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Reese Puchalski worked hard to come back a few injuries and lead the Guilford boys’ cross country team as a senior captain during the 2020 fall season. (Photo courtesy of Reese Puchalski )
Reese Puchalski has been around running his entire life. With a vast family background in the sport, Reese decided to become a competitive runner and has been doing that for the past few years at Guilford High School.
Reese was inspired to start running by his grandmother Patricia, who was a Kona Ironman World Championship qualifier; and his father Jonathan, who has competed in triathlons. Reese tried out for the cross country team at Adams Middle School when he was in 7th grade and calls it one of the best decisions he’s ever made.
“I’ve been running since 7th grade, and I’ve been in love with the sport ever since,” says Reese. “I’m really grateful to have been exposed to family members who ran from an early age, and I hope the sport can continue to stay a part of my family in the future.”
Now a senior at Guilford, Reese served as a captain for the Guilford boys’ cross country team during the 2020 fall season. He also competes for the indoor and outdoor track squads. While Reese is always striving for personal-best times on the trails, he also embraces the team aspect of cross country.
“People outside of the world of running don’t always realize it, but cross country really is a team sport. Part of the excitement of racing is improving on your own personal records and placing as highly as possible, but in cross country, scoring is based on all of the top-five runners, so the whole team has to come together to succeed,” Reese says. “And even more so outside of races, distance running requires year-round dedication and having training partners to log hundreds of miles with over the season. That’s what makes the sport so special. Day in and day out, being able to bond with teammates through long runs and grueling track sessions is the highlight of cross country for sure.”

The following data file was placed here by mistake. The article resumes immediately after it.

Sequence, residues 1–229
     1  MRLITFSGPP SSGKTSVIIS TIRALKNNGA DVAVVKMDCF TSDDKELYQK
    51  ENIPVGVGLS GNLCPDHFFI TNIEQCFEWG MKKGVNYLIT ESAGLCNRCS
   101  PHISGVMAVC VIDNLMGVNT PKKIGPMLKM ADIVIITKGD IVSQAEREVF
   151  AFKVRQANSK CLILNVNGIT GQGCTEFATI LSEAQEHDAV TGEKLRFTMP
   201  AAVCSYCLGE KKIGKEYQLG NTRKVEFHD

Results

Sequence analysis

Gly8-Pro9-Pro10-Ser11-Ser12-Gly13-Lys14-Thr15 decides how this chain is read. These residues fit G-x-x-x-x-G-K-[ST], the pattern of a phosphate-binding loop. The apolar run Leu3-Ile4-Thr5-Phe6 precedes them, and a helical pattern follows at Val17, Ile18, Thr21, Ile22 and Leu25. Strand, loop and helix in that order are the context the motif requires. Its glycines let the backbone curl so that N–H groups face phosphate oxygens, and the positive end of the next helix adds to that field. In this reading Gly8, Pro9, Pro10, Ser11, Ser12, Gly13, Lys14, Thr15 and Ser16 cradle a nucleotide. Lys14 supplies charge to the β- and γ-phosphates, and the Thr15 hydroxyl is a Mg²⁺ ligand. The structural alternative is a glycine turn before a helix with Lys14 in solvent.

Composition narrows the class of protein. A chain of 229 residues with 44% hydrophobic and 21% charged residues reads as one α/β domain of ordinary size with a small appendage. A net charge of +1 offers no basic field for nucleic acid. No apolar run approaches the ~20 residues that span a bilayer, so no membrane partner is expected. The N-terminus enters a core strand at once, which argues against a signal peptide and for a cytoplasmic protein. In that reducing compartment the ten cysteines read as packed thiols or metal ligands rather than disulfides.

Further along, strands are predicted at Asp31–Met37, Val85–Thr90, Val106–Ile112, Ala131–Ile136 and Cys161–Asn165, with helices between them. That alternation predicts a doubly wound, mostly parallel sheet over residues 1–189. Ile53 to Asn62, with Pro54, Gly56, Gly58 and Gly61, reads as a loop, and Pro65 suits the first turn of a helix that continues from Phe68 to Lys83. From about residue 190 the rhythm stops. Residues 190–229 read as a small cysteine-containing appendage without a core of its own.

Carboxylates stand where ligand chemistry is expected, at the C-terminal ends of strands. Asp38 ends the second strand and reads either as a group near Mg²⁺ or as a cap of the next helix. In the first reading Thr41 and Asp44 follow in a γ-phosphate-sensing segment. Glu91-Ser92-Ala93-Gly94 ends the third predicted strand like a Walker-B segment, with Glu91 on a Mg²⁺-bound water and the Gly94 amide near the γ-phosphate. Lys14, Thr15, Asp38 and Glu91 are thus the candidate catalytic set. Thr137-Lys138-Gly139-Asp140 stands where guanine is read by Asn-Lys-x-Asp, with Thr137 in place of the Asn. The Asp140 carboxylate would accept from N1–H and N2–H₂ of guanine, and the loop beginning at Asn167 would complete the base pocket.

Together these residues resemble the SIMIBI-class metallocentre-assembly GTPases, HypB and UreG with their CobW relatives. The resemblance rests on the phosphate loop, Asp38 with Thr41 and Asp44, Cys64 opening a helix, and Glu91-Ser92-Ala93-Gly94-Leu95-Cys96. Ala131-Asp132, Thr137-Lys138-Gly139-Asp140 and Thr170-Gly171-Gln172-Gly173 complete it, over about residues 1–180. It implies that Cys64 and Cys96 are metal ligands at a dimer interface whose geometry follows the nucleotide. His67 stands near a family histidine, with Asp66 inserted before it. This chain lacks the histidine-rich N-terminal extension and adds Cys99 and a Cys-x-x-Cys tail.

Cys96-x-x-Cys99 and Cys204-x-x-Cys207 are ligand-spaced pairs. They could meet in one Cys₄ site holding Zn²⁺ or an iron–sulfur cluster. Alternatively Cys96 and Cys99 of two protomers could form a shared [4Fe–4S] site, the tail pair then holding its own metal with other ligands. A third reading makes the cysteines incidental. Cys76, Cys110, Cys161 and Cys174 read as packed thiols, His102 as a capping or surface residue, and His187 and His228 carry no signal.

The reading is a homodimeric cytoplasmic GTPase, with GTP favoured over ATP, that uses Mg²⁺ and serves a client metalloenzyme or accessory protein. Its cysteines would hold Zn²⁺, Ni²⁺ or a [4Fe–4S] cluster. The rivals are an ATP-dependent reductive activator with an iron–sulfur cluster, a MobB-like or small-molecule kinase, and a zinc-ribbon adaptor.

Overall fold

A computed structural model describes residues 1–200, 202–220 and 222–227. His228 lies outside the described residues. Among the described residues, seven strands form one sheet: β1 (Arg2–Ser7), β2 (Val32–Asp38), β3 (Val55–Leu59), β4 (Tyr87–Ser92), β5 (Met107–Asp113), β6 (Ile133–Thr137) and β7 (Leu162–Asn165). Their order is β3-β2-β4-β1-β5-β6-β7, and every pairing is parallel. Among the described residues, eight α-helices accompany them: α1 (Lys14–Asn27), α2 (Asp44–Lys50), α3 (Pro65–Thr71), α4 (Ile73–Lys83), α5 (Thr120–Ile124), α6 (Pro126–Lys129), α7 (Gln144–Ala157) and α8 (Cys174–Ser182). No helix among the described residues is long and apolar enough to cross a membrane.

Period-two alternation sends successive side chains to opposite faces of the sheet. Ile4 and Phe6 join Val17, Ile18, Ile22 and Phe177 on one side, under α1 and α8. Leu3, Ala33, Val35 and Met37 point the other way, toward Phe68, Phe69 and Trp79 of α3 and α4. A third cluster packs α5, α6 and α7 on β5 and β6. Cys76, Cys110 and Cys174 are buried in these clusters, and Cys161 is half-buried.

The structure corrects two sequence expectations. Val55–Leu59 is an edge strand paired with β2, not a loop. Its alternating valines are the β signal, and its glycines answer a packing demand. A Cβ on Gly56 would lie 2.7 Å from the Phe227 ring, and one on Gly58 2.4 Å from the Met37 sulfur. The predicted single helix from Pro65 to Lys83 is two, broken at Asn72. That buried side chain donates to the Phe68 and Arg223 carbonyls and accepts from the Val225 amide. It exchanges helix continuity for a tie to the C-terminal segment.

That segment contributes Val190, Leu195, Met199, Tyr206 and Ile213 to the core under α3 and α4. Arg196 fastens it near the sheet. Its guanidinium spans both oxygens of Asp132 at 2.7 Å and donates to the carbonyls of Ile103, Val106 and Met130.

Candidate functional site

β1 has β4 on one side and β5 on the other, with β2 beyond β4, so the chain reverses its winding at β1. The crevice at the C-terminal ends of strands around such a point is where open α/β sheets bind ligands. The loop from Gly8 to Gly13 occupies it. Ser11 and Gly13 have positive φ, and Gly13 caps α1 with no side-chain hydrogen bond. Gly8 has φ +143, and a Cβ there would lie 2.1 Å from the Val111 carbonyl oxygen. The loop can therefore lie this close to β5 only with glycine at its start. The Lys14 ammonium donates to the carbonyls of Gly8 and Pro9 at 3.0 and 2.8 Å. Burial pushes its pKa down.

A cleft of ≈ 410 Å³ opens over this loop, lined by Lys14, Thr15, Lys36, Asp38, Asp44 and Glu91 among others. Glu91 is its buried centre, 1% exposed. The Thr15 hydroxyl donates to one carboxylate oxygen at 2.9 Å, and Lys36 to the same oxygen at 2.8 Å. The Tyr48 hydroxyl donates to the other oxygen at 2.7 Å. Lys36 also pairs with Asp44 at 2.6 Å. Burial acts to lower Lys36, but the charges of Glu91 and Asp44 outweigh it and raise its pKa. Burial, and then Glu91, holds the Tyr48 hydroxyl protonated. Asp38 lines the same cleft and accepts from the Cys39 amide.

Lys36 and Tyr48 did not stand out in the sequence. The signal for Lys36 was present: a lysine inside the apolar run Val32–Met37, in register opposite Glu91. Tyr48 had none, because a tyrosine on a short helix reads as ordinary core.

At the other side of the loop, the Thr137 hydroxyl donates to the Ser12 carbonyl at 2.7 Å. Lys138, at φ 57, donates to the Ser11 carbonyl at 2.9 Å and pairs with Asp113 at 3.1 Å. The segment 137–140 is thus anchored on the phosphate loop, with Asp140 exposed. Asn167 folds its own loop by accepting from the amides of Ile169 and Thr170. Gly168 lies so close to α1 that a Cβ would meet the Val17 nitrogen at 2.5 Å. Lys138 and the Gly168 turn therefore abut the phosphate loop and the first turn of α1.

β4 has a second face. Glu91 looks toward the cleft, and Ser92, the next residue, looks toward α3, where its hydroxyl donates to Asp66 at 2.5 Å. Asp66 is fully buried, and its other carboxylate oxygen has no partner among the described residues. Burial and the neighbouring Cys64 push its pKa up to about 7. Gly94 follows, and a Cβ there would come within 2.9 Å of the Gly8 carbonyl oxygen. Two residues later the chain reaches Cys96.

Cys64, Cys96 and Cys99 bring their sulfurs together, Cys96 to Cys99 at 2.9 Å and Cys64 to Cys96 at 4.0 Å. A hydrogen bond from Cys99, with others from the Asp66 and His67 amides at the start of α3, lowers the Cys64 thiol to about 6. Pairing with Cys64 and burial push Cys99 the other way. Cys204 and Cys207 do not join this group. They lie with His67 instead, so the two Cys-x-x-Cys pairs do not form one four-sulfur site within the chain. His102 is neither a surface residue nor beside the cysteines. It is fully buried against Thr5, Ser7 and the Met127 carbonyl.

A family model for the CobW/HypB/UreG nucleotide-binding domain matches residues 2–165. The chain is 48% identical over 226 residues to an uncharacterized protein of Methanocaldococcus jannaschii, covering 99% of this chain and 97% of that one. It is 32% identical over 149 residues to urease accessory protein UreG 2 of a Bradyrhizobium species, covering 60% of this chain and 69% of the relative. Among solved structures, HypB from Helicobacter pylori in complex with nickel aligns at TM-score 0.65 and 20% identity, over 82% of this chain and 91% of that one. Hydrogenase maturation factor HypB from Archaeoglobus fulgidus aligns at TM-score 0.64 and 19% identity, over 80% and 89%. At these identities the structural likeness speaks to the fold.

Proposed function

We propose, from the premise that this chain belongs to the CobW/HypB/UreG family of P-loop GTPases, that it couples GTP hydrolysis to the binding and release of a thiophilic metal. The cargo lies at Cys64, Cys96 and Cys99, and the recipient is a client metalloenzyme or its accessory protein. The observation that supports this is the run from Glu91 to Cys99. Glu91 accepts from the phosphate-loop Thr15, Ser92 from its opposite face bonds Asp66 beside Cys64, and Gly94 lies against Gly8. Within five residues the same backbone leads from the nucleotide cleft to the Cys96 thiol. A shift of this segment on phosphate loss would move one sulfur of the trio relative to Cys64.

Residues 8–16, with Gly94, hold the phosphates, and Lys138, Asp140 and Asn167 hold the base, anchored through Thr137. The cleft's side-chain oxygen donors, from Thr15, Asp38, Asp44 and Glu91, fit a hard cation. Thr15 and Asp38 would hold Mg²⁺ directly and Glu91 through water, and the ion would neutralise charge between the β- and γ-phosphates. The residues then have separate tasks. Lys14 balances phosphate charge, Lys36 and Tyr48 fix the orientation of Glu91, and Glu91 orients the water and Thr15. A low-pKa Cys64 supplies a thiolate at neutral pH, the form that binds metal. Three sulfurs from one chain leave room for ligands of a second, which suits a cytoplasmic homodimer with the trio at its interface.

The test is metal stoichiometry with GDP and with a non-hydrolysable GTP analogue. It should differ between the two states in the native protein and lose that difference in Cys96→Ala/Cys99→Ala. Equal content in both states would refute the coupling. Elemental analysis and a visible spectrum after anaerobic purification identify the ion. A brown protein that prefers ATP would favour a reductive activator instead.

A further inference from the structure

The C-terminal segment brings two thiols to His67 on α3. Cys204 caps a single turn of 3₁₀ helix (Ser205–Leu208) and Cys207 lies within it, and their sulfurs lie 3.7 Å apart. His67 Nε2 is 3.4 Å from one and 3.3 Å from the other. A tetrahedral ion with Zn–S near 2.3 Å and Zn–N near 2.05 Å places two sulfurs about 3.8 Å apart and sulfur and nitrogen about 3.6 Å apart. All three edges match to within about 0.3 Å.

Guilford boys’ cross country Head Coach Jon Rivera says that Reese proved an integral member of his team after battling back from some serious injuries. Rivera says that having Reese on the squad was like having another coach and that the senior went above and beyond his duties as a captain.
“Reese is a tremendous student. The time and work he put into the team was vital to its success,” Rivera says. “Reese is a hardworking, natural leader with a positive team-first attitude and was finally able to race again this fall. The entire team was waiting in joy for him at the finish line. Him being able to race again was the feel-good story of the year, because of how hard he has worked to get back.”
Rivera says that Reese was a varsity level runner as a freshman, but has been held back by injuries the past few years. Despite those injuries, Reese worked hard to return to a competitive level of running as a senior. Coach Rivera believes that Reese’s dedication set an excellent example for the rest of the team.
“He set such strong example with his rehab. He was there every day busting his butt,” says Rivera. “He was aqua jogging in Lake Quonnipaug before school to get the workouts in. In 20 years of coaching, I don’t think I have ever seen an athlete command the amount the respect he does.”
Reese greatly benefited from swimming and aqua jogging throughout his rehabilitation process. He had to find new ways to stay in shape without putting too much pressure on his legs. While it was a challenge, Reese continued putting in work in order to maintain his level of fitness.
“I have spent a lot of hours on the stationary bike and the elliptical to supplement running when I haven’t been able to hit the track because of a right knee surgery and a left tibial stress fracture,” Reese says. “With the team, summer practice is always one of the most fun times of the year, and we get together six days out of the week all summer long to get in shape for the season. I always try to keep the mentality that races are run in the fall and championships are won in the summer and, when summer training gets difficult, we always remember to embrace the process.”
Aside from running, Reese also plays flute in Guilford High School’s wind ensemble. Last year, Reese completed a Capstone Project in which he researched coaching philosophies for high school distance running.
“The project was a great way to combine my athletic and academic interests,” says Reese. “Since then, I’ve used my scientific and practical coaching knowledge to help coach the team during the offseason. In addition to Coach Rivera, I also want to thank my track coaches, George Cooksey and Jim Ford, for furthering my love of running all year.”
Now that the cross country season is done, Reese has his sights set on the track. Reese’s primary goal as a senior is to stay healthy for his final year of competition.
“My biggest goal is to just get to the start line healthy and then take it from there. As a team, we are trying to get as many people as possible to qualify individually for the SCC and State championships and even try to score points in some events,” Reese says. “Overall, I’m really excited for whatever kind of track season we end up having, and I hope I can get in a few more races with my teammates before graduation.”